The Norman Transcript

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April 12, 2014

Drilling operation shows policy gap

NORMAN — While Norman residents are being encouraged to use rain barrels, a Texas oil and gas company is pumping thousands of gallons of treated drinking water into the ground.

The Oklahoma Corporation Commission controls permits for drilling, including the hydraulic fracturing on Franklin Road near the Moore Norman Technology Center by Finley Resources Inc. The city of Norman issues commercial use water meters, however, and that has some residents stirred up. Citing the current odd/even mandatory water rationing, residents are asking why Finley Resources is being allowed to connect to a city hydrant with a rented meter.

Finley has withdrawn an average of about 17,000 gallons of potable water a day since March 12. As of Wednesday, Finley had used 432,000 gallons of water for the operation, according to city records.

“We rent to everybody from Silver Star who puts in roads, to Ideal Homes who puts in houses, to Girl Scout troops that have car washes,” said Norman Utilities Director Ken Komiske. “We cannot discriminate who we sell water to.”

Komiske said as commercial users go, Finley’s 17,000 gallon a day average is not an excessive amount. While the University of Oklahoma with its multiple buildings is probably the city’s top water customer, discounting OU still leaves several large users. Top commercial users go through anywhere from 300,000 gallons a day to 1 million gallons of water a day, Komiske said.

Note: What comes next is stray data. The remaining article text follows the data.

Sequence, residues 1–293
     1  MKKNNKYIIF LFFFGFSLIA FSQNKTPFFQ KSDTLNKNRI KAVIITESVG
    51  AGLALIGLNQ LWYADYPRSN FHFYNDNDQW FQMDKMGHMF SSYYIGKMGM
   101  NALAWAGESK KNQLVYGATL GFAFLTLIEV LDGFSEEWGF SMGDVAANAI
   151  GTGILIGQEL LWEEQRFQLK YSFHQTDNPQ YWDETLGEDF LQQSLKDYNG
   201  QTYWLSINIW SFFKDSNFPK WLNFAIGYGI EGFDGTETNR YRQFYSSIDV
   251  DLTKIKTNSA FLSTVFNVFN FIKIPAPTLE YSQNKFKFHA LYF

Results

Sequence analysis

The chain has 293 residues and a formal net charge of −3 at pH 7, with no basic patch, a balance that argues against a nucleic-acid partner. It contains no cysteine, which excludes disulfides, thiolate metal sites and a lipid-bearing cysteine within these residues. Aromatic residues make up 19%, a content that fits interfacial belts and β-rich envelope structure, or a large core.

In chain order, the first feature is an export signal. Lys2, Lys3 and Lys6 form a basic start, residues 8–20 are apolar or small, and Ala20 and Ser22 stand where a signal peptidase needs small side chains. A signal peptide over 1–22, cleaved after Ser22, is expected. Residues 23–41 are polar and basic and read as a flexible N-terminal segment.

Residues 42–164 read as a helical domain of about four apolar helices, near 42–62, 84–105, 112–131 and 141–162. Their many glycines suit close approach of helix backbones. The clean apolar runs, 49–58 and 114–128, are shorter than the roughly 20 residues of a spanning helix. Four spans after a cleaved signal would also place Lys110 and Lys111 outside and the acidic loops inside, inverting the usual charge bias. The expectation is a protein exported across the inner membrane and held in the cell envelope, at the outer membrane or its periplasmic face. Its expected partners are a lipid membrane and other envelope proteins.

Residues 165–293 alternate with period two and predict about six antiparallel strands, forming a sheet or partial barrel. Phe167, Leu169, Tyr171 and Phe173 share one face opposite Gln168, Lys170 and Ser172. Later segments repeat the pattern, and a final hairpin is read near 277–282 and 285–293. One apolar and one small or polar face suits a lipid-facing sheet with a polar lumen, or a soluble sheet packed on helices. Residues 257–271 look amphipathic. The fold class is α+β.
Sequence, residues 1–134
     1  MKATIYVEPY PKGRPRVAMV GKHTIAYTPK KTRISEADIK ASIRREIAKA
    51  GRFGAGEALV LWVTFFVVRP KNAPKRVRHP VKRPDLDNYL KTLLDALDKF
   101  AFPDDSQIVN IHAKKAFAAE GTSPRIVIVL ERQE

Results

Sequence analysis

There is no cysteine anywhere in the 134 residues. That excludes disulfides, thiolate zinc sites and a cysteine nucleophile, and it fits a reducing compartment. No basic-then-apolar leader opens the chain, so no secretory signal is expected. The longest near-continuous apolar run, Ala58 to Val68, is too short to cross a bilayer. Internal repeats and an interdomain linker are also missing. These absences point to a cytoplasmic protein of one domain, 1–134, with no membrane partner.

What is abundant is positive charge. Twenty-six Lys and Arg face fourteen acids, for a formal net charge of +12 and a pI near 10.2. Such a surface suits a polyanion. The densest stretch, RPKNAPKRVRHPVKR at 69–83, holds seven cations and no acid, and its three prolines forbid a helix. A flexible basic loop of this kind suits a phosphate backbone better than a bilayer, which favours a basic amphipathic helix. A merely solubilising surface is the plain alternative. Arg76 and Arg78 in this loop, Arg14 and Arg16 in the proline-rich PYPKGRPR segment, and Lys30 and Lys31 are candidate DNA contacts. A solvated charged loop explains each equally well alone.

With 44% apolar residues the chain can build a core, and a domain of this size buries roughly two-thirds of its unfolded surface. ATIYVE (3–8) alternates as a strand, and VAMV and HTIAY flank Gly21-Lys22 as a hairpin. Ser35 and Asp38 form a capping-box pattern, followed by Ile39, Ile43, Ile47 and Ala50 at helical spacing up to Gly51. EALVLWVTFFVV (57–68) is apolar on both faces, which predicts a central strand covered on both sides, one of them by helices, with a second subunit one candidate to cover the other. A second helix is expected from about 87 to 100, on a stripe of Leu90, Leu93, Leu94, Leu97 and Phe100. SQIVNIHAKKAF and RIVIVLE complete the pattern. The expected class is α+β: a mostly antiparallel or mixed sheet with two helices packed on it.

Regular commercial customers pay the city $2.10 per 1,000 gallons used and a $4 fee per month.

By contrast, temporary permits like Finley’s require a $1,000 returnable meter deposit, a $25 monthly rental fee and a higher rate of $2.50 per 1,000 gallons of water used.

Environmentally concerned residents say using potable water in fracking takes it out of the water supply chain. The process is typically done by mixing water with sand and chemicals and then injecting it into the ground. It’s a form of mining for natural gas or petroleum under the regulation of the Oklahoma Corporation Commission through the Oil and Gas Conservation Division.

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